Allen Hubbard lives for the excitement of the classroom. When students walk through the door, Hubbard’s infectious energy sparks the curiosity of his students’ budding minds.
As a physics teacher at Akins High School in Austin, Texas, Hubbard manages the thin line between education and frenzy as he works to instill his passion into the hearts of his students.
Hubbard has been teaching for 10 years, and he continues to “revamp” his teaching style.
“I’m following a type of teaching physics called modeling,” Hubbard said. “Essentially, it’s developing a model in the kid’s brain of what the physics is.”
His latest venture comes with the help of three newly purchased high-speed digital cameras.
The cameras allow students to track the motion of objects in the physics class. Students utilize the camera’s precision to make scientific inquiries into the nature of motion, speed and velocity. Afterwards, the students upload the footage to classroom computers and track the experiments’ results.
Hubbard was able to purchase the cameras through a $500 grant provided by the Texas Retired Teachers Foundation (TRTF). His grant is a part of the Classroom Assistance Grants program, and it was one of 15 allocated by TRTF in 2016.
One of Hubbard’s students, Peter Kwiatkowski, has found the camera’s precision useful. Previously, the students performed acceleration experiments by hand, and the method resulted in a great deal of human error. But with the cameras, students are able to closely define the physics.
“It’s super hard to do it exactly if you don’t use the camera,” Kwiatkowski said. “It’s still not going to be perfect… but it’s going to be as close as possible.”
Many students come to visit Hubbard after class. They discuss assignments and aspirations with him, and come seeking advice. Hubbard greets them with enthusiasm, and he hopes to see many of them continue to succeed despite the financial constraints placed on schools.
For Hubbard, the $500 provided an axis of freedom rarely given to teachers.
“My school will support me with equipment sometimes every other year,” Hubbard said. “It’s a great amount of money, and even better that I get to pick what to spend it on, so I feel like I can make it go a long way.”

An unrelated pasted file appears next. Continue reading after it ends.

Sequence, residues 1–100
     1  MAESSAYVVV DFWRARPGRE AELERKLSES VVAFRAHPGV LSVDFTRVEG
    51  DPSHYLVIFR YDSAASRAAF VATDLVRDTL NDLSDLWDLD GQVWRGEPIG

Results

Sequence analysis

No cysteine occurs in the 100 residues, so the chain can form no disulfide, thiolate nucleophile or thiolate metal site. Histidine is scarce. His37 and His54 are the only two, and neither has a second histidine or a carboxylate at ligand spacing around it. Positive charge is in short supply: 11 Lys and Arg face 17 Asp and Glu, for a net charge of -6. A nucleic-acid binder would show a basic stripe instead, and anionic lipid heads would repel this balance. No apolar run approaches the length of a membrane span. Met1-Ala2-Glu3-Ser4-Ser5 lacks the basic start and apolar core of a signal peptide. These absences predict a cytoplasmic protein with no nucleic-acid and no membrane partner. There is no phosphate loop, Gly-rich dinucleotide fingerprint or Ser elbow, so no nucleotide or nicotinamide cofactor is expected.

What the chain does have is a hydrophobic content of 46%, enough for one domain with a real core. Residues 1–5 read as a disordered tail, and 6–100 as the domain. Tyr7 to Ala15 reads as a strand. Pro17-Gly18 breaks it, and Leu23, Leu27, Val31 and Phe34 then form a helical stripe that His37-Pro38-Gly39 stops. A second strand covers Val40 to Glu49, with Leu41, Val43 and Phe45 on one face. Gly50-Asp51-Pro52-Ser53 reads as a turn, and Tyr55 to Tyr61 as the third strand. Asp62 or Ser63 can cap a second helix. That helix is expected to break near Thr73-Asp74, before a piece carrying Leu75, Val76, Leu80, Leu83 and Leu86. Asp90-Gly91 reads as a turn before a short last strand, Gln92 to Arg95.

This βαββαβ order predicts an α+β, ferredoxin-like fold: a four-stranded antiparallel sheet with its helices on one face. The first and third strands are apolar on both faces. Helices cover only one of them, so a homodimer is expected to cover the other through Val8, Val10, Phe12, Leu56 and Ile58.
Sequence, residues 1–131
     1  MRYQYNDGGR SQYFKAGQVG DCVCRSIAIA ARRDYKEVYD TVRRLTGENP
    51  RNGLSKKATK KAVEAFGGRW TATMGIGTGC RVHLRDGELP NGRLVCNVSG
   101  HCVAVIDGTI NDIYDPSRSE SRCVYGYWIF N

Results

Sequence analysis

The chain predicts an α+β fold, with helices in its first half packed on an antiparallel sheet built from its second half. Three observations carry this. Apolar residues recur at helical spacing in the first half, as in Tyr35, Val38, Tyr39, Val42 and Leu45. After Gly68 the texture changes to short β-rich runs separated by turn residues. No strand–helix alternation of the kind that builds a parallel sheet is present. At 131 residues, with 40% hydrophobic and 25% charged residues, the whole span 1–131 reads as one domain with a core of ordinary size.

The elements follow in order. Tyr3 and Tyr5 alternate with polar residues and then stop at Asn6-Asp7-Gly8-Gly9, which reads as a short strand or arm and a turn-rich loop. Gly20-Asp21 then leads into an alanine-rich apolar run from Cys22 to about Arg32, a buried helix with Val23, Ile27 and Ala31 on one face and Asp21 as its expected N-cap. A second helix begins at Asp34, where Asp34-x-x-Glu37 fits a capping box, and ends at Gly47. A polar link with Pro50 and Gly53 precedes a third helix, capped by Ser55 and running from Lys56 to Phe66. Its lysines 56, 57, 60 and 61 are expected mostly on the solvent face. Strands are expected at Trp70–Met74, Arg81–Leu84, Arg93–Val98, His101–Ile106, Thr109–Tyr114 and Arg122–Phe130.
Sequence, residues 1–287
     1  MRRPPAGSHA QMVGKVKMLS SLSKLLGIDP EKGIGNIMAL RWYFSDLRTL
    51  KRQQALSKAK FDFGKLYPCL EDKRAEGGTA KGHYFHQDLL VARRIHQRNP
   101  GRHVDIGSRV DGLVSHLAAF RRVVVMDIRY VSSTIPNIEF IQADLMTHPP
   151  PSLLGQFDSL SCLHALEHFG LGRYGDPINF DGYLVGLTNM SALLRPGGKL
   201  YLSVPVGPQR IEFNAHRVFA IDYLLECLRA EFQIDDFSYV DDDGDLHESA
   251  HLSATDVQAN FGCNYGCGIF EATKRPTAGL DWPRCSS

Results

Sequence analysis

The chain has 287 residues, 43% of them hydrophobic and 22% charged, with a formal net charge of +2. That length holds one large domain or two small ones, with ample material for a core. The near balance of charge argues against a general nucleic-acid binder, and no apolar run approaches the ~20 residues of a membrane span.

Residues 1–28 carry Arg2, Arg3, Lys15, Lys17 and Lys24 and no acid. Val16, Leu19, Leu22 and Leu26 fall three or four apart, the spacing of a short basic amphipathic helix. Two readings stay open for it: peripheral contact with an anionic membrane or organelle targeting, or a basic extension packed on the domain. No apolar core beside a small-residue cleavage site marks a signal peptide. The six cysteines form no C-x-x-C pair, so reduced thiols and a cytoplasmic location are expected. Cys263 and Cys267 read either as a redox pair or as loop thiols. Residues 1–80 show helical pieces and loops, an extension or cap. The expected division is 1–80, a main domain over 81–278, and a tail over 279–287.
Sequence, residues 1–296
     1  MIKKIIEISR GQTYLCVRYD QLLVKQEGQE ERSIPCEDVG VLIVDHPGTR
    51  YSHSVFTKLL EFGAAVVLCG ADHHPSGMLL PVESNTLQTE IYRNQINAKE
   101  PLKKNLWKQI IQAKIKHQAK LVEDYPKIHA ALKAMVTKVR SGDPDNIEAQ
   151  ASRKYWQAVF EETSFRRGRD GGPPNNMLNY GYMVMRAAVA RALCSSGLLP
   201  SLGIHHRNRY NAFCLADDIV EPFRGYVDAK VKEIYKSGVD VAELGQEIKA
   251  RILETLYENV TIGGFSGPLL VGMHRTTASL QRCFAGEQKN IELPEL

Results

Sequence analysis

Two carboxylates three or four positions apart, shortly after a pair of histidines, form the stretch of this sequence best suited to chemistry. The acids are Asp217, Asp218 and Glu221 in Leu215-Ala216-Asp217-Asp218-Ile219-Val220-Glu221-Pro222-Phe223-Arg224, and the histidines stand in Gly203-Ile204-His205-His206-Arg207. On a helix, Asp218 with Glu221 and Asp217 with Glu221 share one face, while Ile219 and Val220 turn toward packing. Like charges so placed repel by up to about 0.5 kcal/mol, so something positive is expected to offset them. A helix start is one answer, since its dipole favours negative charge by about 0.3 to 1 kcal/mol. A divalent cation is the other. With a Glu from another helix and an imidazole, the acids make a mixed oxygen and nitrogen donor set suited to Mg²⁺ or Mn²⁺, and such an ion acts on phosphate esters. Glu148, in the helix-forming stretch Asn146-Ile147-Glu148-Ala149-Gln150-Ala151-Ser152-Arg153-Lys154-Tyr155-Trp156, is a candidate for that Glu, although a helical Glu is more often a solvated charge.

You can help support projects like Allen Hubbard’s by donating to TRTF. Classroom teachers are in great need of financial assistance, and your donation will go towards improving the quality of education performed in Texas classrooms.
You can donate here. You may also call and donate over the phone with a credit card at 1.800.880.1650 (please ask for Dawn).
The third quarter issue of The VOICE also featured a special article about the Foundation, along with TRTF’s annual appeal letter and donation card. You can mail in your donation using the pre-paid envelope included with your issue.
You can also learn more about past grant recipients here.
Thank you for your support of TRTF during Foundation Month. TRTF would not be able to provide its programs without your generous donations. Even as Foundation Month comes to a close, there are still many needs to be met.
We are continuing to grow our Lehr-Pritchard Endowment Fund, which seeks to secure the future of the “A Helping Hand” program. You can learn more about the endowment fund here.
There are nearly 80,000 members of TRTA. If we all give a little, we could do a lot! Foundation Month is your opportunity to make a difference for a colleague that could use help, create an opportunity for classroom teachers and students, or help open the door for a new teacher brimming with youthful enthusiasm to teach young minds.
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